Professional Education


  • Doctor of Philosophy, Universiteit Utrecht (2014)
  • Master of Science, Universiteit Utrecht (2009)
  • Bachelor of Science, Universiteit Utrecht (2006)

Stanford Advisors


All Publications


  • High-Throughput Phenotypic Screening Using Induced Pluripotent Stem Cell Derived Cardiomyocytes Identifies Compounds That Rescue Genetic Dilated Cardiomyopathy Perea-Gil, I., Prado, M., Bruyneel, A. A., McKeithan, W. L., Feyen, D. A., Nair, P., Mercola, M., Karakikes, I. LIPPINCOTT WILLIAMS & WILKINS. 2018: E72
  • Will iPSC-cardiomyocytes revolutionize the discovery of drugs for heart disease? Current opinion in pharmacology Bruyneel, A. A., McKeithan, W. L., Feyen, D. A., Mercola, M. 2018; 42: 55–61

    Abstract

    Cardiovascular disease remains the largest single cause of mortality in the Western world, despite significant advances in clinical management over the years. Unfortunately, the development of new cardiovascular medicines is stagnating and can in part be attributed to the difficulty of screening for novel therapeutic strategies due to a lack of suitable models. The advent of human induced pluripotent stem cells and the ability to make limitless numbers of cardiomyocytes could revolutionize heart disease modeling and drug discovery. This review summarizes the state of the art in the field, describes the strengths and weaknesses of the technology, and applications where the model system would be most appropriate.

    View details for PubMedID 30081259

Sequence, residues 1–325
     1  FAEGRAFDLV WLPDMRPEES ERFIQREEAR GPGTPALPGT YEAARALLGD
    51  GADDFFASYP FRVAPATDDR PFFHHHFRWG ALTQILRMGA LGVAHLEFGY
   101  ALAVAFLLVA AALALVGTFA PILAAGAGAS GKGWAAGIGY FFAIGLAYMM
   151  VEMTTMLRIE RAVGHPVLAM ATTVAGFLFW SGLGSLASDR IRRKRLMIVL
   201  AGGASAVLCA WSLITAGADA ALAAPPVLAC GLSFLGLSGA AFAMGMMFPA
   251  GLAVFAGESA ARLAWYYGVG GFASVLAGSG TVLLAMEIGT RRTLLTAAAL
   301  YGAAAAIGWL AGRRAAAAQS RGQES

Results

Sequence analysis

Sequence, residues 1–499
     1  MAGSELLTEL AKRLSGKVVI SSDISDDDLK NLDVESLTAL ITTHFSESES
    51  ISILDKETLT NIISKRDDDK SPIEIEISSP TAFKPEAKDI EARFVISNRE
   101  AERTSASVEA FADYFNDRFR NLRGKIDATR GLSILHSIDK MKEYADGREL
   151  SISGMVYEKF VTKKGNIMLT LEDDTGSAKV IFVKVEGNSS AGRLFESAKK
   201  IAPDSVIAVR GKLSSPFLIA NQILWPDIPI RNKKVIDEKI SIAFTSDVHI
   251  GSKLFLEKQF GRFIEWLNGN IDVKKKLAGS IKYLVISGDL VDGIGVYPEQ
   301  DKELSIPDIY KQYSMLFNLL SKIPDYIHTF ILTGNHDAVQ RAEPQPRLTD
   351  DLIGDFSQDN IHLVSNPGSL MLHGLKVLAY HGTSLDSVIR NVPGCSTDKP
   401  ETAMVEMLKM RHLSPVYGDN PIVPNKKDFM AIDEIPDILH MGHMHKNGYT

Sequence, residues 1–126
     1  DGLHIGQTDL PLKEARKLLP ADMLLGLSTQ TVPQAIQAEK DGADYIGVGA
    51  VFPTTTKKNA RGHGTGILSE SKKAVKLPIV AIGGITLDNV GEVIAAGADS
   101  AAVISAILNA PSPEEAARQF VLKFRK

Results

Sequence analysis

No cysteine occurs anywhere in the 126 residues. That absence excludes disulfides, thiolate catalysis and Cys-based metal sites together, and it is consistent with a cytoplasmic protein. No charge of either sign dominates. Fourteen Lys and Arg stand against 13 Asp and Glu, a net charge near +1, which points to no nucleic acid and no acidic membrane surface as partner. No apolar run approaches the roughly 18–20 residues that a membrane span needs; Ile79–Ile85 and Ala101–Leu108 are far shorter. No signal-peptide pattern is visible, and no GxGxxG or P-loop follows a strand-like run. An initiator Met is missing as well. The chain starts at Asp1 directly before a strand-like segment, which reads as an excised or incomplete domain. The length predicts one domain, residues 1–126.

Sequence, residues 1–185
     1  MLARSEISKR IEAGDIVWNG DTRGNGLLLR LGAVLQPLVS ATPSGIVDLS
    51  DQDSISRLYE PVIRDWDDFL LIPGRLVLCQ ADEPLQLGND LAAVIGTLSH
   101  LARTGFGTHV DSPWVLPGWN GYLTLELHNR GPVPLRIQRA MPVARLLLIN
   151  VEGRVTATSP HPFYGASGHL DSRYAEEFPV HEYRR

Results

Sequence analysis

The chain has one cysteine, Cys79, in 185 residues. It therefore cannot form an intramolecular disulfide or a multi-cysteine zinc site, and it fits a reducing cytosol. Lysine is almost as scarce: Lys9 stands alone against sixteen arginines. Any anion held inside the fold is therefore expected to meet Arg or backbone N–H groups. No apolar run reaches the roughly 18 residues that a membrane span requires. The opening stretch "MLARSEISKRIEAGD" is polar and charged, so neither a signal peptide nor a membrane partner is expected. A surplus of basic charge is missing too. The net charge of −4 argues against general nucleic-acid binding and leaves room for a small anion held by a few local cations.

• Using iPSC Models to Probe Regulation of Cardiac Ion Channel Function CURRENT CARDIOLOGY REPORTS Bruyneel, A. N., McKeithan, W. L., Feyen, D. M., Mercola, M. 2018; 20 (7): 57

    Abstract

    Cardiovascular disease is the leading contributor to mortality and morbidity. Many deaths of heart failure patients can be attributed to sudden cardiac death due primarily to ventricular arrhythmia. Currently, most anti-arrhythmics modulate ion channel conductivity or β-adrenergic signaling, but these drugs have limited efficacy for some indications, and can potentially be proarrhythmic.Recent studies have shown that mutations in proteins other than cardiac ion channels may confer susceptibility to congenital as well as acquired arrhythmias. Additionally, ion channels themselves are subject to regulation at the levels of channel expression, trafficking and post-translational modification; thus, research into the regulation of ion channels may elucidate disease mechanisms and potential therapeutic targets for future drug development. This review summarizes the current knowledge of the molecular mechanisms of arrhythmia susceptibility and discusses technological advances such as induced pluripotent stem cell-derived cardiomyocytes, gene editing, functional genomics, and physiological screening platforms that provide a new paradigm for discovery of new therapeutic targets to treat congenital and acquired diseases of the heart rhythm.

    View details for PubMedID 29802473